I think however, I've been guilty of underestimating stats. Stats could show when a player is coming back into form, but hasn't translated it into goals yet. So ideal territory when scouting for differentials who are facing weaker sides. Some experts firmly believe that underlying stats can be a better guide than form or fixtures. They rave about shots on goal, shots in the box, or big chances, for instance, suggesting the player is getting into the right position and will surely click anytime now. FF Scout provide this service but I believe it's only for paid-up members (I'm not knocking it, you get lots more. I couldn't imagine not being a member). Our web site links however, include sites that offer underlying stats at no charge. A list of the best free ones we found (that include top FPL Manager stats) are:
Shots on Target : top of the list for a reason!
Premier Fantasy Tools (a great site - have a good look round)
Who scores Home and Away (eye opening!)
Who Scored? Excellent stats.
FF Geek Top FPL Managers
FF Geek Gameweek Analysis
FPL Statistics : Price Change Predictions
Football Fallout : Stats & Tools
The last one is stats based on us, rather than the footballers, and it is recommended by Joe (aka Jonty) of FF Scout. This is a site that gathers stats from just the top 10k FPL Managers. The quick way to know which players each week to get rid of, and which players to put in their place is check out the dropdown box on the FPL site itself - and sort by 'Transfers in (round)' and 'Transfers out (round)' - but that only tells you what all 5 million FPL Managers are doing. This site provides stats from only the top 10,000 FPL Managers. Also, as already mentioned - if you're keen on stats, check out Premier Fantasy Tools I'm trying to reverse engineer how top FPL Managers finish in the top 5K every season. Another idea - a much simpler one - is watching MOTD on a Sunday morning, and Sky football, and making notes. Not the daftest idea I've ever heard. I should really give that a go myself rather than trying to commit everything to memory. The General @FPLGeneral - see his podcast on this site - recommends putting the players who take your eye into your Watch List on the FPL site. His credentials include three sub-500 finishes in the last four years. ~ Awesome!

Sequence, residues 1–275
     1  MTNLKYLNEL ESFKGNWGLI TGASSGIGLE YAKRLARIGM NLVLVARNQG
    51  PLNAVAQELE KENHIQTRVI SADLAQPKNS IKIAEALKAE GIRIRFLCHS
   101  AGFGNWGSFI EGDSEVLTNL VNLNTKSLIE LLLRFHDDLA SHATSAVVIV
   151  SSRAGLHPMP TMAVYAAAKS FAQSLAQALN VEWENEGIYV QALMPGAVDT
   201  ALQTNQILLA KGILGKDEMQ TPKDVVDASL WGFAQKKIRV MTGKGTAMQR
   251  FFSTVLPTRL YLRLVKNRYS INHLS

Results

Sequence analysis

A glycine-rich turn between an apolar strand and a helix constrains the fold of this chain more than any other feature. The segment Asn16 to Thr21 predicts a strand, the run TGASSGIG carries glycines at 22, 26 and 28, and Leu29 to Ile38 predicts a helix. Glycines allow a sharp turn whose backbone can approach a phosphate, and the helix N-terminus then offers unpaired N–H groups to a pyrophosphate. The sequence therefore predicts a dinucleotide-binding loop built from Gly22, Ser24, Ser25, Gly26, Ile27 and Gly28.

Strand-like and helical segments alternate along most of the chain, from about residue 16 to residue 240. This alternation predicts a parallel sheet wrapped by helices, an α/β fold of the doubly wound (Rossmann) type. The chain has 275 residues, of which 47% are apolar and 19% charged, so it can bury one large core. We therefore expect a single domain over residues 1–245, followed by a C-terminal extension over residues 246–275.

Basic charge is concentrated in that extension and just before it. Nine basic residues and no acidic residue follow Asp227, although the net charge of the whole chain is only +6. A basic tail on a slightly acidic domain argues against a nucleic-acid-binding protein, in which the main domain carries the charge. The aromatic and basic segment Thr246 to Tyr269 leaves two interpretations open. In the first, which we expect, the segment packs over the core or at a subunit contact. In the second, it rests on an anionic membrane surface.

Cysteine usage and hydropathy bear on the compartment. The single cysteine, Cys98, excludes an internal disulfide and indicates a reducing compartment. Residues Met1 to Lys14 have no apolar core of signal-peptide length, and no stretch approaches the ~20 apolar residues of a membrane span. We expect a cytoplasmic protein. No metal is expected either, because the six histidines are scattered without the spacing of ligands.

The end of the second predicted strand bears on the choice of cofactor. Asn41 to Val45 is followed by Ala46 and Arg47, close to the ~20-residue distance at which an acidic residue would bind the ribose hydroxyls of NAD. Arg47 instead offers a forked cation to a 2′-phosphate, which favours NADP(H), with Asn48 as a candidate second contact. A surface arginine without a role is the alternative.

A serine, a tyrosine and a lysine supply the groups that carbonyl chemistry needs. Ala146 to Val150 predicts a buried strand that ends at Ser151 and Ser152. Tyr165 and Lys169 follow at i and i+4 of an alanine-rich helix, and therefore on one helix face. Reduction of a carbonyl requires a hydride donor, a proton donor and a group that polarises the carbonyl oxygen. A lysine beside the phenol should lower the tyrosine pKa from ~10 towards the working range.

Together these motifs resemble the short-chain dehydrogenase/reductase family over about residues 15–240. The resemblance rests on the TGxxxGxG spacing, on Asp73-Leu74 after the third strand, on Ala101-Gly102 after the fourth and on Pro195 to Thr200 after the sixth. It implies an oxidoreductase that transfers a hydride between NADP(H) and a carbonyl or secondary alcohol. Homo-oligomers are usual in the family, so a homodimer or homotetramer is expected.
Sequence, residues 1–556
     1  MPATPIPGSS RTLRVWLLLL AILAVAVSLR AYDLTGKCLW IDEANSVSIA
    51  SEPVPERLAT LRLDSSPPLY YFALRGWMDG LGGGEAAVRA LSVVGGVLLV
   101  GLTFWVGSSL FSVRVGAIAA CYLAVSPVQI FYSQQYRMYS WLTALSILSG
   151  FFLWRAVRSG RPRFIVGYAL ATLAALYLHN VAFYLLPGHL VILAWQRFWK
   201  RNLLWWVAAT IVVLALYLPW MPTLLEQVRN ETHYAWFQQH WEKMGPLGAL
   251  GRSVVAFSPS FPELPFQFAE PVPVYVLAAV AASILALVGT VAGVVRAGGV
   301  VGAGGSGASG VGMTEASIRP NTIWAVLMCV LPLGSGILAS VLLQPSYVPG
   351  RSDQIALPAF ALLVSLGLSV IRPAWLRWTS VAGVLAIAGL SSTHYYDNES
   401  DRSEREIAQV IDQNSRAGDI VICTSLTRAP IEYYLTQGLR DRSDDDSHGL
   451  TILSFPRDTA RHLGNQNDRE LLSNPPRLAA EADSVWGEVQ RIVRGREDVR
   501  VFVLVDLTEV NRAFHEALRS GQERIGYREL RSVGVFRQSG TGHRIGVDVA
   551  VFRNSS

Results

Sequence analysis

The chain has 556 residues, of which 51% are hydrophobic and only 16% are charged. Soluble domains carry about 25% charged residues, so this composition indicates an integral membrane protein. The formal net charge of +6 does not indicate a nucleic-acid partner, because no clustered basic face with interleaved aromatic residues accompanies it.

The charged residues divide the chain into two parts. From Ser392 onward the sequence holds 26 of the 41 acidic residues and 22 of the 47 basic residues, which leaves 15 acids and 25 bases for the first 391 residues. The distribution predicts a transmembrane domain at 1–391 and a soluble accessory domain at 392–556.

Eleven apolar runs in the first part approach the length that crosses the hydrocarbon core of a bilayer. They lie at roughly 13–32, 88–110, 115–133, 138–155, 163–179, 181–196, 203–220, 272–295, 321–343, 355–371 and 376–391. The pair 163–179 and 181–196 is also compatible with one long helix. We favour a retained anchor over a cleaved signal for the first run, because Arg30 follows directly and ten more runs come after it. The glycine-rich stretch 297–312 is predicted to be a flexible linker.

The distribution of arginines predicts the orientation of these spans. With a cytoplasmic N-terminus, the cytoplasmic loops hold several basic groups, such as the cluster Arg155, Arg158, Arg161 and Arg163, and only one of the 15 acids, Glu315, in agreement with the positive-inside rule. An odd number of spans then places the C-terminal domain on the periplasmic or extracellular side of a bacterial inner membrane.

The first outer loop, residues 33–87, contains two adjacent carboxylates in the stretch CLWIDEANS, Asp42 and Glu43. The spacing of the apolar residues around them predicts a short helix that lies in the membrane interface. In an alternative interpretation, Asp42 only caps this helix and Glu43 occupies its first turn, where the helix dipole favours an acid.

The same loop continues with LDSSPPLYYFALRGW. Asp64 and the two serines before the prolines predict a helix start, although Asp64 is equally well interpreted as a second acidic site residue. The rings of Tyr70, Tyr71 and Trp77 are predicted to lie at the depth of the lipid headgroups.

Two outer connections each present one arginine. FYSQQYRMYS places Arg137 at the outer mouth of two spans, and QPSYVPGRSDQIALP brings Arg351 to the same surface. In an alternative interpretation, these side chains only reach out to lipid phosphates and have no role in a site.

One of the key strategies is to have one or two differentials in your team. These are players with low ownership that you have a good feeling about - perhaps due to the previously mentioned underlying stats. You could even play them as captain on a week when the captain choice isn't obvious. To reiterate that point: Only try a differential with the captain's armband on, when the captain choice isn't clear-cut. When it is clear-cut, just follow the herd, and pick the market leader. As in poker, and snooker, sometimes you have to play the percentage game - FPL works along similar lines.
Stats also show that the top 50 players do the majority of their transfers on a Friday or Saturday. They don't worry about the odd 100,000 midweek price rise. If a player injures themselves in training on the Thursday (KDB after GW1 injured himself on the Wednesday is a case in point), then it's a waste of a transfer and a hit might be required!
If you're going to have a £13million player in your squad (and you should have!), then he should be captain. It's alright the odd week putting it on someone else - that's fine - but if you're going to spend that much money on a player then he should really only be in your squad when he is clearly the number one captain choice; otherwise, you should get rid of him and share the money out amongst other players. Harsh but fair! I know there's a fear factor, of you shipping him out and him getting a hat-trick, but that will only really hurt when "everyone" is on him - due to him being the "clear" gameweek captain favourite. And whenever there is a "clear" captain favourite - you need to be on him... he needs to be in your squad. This means - if you're spreading the money around your squad, that you leave an exit strategy so you can ship him back in with the minumum of fuss. Managing this aspect of the game successfully - is very hard - but I imagine the rewards are there if you're up to it.
An important strategy is to have the heavily owned top players in your squad, so that if they have a good week you're not left behind; however, for absolute budget players the opposite is true. Having heavily owned bench fodder means that if they're not starting people will ship them out and they'll lose value. 4.0m players will drop to 3.9m etc. So when recruiting these players, it may be better to do your homework and find lesser owned bench fodder, who still might be able to get you a couple of points.
The following links to Fantasy Football Scout are available even for non-members. The pre-season match reviews are necessary reading, and following their team selection verbatim for GW1 would have got you 80-odd points.